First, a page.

A quarter century of celebrating cars
Roots of local show tace back to another milestone
Originally published 2012-08-16
It all started, like so many efforts do in Gunnison, as a partnership between the community and Western State Colorado University.
It was 1986 and the university — known, of course, until recently as Western State College — was celebrating its 75th year of offering undergraduate degrees, which began in 1911. According to Jim Barry, a longtime resident and car buff, university supporter Sharon Livermore came up with the idea of using cars to help illuminate the accomplishment.
“She was involved in everything in town,” Barry explained to the Times this week, over piles of old newspaper clippings, faded photos and hand-typed notes. “She had the idea the we’d have a parade, with 75 cars, one for each of the years Western had been in business.”
Barry, who is now retired from a career with the U.S. Forest Service, was asked if he could help come up with the cars. They came within five or six, he said, of finding one for each year.
“You’d be surprised at what came out of the woodwork,” he said. “We had to have tractors fill in for a couple of those years. But the cars were amazing. Don Simillion had an old Packard that I don’t think anyone has seen since.”
Gunnison’s love affair with an annual celebration of the auto was born. There was no show in 1987, but by 1988 then-City Manager Dale Howard had gotten the city involved in the effort, offering support and the ideal setting of Jorgensen Park as the place to hold the event.
This weekend marks the 25th celebration of the Gunnison Car Show. It’s become a staple of the Gunnison summer, drawing hundreds of visitors to town and providing locals with a family-friendly weekend of fun.
The Gunnison Car Club now organizes the event, from the Friday Night “Cruise In” with live music on Main Street, to a Poker Run, breakfast cruise to Crested Butte and other ancillary events. Jim McDermott is one of a large handful of active club members.
“I was born and raised in the automotive business,” he said, referring to the McDermott & Co. dealership his family built in the 1920s and ran until 1973. “I guess I’ve got motor oil for blood.”
One of the keys to the show’s popularity, in McDermott’s opinion, is that it’s open to all — any make or model, a characteristic that traces back to that inaugural event.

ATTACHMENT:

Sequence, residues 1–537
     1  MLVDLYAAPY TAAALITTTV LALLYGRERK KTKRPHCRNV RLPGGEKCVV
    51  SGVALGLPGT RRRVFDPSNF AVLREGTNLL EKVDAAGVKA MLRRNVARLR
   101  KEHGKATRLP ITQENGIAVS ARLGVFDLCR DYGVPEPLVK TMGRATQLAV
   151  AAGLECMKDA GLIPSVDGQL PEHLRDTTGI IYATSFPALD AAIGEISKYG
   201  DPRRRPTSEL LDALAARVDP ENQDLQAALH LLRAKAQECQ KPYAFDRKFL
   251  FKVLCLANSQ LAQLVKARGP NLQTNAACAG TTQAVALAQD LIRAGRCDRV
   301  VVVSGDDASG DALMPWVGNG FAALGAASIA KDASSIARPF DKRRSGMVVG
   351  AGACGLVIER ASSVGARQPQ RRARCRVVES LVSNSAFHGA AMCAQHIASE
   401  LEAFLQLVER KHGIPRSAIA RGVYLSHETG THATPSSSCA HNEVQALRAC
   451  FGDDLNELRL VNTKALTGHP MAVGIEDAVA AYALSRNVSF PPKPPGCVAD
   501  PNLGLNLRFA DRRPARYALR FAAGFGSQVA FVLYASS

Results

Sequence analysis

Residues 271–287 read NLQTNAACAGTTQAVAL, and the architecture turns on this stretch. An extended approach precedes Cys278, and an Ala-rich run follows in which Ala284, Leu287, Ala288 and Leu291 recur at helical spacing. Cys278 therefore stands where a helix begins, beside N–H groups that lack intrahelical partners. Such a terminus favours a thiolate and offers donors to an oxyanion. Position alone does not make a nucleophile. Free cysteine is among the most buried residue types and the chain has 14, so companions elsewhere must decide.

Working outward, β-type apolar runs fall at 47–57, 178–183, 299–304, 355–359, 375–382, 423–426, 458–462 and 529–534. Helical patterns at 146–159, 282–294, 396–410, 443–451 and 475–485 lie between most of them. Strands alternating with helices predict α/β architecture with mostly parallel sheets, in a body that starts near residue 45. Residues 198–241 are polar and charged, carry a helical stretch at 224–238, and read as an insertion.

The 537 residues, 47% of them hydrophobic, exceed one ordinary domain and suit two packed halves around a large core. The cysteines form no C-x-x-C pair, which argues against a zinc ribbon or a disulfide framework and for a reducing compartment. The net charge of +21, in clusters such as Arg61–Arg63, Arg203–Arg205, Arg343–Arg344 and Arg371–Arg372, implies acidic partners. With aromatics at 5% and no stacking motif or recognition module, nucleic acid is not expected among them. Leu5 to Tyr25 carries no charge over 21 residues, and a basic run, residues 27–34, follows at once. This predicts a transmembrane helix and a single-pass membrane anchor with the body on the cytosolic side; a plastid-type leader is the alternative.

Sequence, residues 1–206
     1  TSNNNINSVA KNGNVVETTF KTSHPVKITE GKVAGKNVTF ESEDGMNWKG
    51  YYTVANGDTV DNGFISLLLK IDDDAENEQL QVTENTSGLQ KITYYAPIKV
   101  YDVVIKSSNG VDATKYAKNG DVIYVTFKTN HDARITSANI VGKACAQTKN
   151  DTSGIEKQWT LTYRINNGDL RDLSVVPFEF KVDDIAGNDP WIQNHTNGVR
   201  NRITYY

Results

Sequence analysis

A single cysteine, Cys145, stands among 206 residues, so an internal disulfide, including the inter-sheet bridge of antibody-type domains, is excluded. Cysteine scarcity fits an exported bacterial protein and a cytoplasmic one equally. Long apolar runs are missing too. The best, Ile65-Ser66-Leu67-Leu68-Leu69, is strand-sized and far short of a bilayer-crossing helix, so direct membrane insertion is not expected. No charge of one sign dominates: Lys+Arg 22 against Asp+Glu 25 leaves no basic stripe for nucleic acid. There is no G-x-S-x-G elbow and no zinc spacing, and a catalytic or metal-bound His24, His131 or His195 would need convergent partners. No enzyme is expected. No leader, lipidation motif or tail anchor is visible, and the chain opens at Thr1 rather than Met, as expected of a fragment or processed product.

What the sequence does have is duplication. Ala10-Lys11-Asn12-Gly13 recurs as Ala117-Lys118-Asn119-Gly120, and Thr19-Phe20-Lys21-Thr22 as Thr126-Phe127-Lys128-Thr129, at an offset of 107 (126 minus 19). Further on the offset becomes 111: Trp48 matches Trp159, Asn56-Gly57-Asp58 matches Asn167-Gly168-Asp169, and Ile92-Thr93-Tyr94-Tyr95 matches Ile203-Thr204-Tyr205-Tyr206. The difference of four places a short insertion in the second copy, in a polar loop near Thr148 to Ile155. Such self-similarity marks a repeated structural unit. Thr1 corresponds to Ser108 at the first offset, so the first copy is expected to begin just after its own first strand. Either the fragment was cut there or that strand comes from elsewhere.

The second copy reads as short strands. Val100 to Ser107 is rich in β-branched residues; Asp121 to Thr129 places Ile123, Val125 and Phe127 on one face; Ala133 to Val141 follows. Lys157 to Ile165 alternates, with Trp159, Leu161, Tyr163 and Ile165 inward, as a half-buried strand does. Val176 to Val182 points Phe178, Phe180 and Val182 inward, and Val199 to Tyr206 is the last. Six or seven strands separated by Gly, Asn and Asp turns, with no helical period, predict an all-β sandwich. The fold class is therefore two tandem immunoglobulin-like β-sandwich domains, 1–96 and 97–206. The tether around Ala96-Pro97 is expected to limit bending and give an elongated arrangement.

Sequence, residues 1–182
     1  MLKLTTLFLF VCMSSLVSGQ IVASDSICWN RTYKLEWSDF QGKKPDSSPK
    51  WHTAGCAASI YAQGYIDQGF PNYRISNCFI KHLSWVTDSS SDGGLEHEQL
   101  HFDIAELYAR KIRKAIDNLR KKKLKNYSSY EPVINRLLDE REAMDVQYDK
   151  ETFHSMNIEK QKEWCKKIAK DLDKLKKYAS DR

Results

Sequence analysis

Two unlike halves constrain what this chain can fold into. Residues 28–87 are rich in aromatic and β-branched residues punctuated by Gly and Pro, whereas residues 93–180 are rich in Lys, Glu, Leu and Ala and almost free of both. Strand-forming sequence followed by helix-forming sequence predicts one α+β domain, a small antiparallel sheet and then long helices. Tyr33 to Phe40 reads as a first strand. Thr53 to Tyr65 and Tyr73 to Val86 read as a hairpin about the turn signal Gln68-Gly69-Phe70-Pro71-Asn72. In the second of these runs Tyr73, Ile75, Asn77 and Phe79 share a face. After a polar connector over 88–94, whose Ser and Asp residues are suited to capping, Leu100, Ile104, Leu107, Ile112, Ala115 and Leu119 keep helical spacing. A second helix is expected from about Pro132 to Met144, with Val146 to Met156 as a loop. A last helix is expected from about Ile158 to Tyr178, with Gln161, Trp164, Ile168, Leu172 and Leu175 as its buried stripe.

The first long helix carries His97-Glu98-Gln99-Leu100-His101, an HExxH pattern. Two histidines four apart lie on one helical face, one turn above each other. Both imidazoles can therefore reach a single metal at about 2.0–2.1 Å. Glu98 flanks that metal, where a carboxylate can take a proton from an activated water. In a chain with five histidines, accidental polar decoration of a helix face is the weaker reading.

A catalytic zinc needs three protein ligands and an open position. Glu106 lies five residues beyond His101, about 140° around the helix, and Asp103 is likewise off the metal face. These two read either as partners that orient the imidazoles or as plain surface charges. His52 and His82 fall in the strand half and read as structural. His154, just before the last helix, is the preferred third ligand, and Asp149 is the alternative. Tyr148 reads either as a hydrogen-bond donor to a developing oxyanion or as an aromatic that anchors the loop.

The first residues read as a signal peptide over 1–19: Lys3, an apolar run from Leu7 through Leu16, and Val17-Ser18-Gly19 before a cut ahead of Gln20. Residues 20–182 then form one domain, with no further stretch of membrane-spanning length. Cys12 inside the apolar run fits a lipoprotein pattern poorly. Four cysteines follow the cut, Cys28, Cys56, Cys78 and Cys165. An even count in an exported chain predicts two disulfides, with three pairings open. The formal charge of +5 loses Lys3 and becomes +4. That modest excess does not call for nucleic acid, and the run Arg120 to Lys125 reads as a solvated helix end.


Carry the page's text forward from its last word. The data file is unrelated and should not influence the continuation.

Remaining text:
“What appeals to me may not appeal to you,” he said of tastes in automotives. “I might walk right past a new Porsche to go see a John Deere tractor.”
Even more than this diversity, however, McDermott said the car show provides a nice boost for the community and a good time for all the participants.
“There’s a core group of folks who come every year,” he said. “It’s like seeing a bunch of old friends.”
Another important aspect of the car show is a commitment to giving back. The event serves as a fundraiser, proceeds of which the club grants each year to local nonprofit organizations and community efforts.
Some years those grants can total as much as $9,000, said Mike Callihan, club president.
The car show has not only grown in popularity among entrants — some years numbering more than 300 strong — it’s evolved in other ways under Callihan’s leadership. Three years ago the club partnered with CarbonFund.org to “offset” the environmental impacts the show creates.
“It costs us about $500 to completely offset the impact of the car show,” mainly through the planting of trees in other parts of the United States, Callihan explained.
Four years ago the Gunnison Car Show became one of the few in the country granted with the honor of presenting a Lee Iacocca Award, in recognition of the famed industry titan and in support of diabetes research. This year’s Gunnison Car Club recipient is Budd Wells, the Denver Post’s longtime automotive writer.
Other club members who have an active hand in putting the show on include Beckett Tyrer, John Tarr, Jack Loken, Johnnie Walker, Gary Shondeck, Rita McDermott, Fred Henry and Alysia Pearcy.
“The real story is that you have this very small car club that puts on what’s been rated as one of the best car shows in Colorado and attracts national attention while doing it,” Callihan said.
“We hope the show gives Gunnison another good weekend during the summer,” McDermott added.
It’s been doing just that for 25 years. And Jim Barry had a hunch it might.
“From those first few years, we saw that the show was going to grow and really be successful,” he said.
(Chris Dickey can be contacted at 970.641.1414 or firstname.lastname@example.org)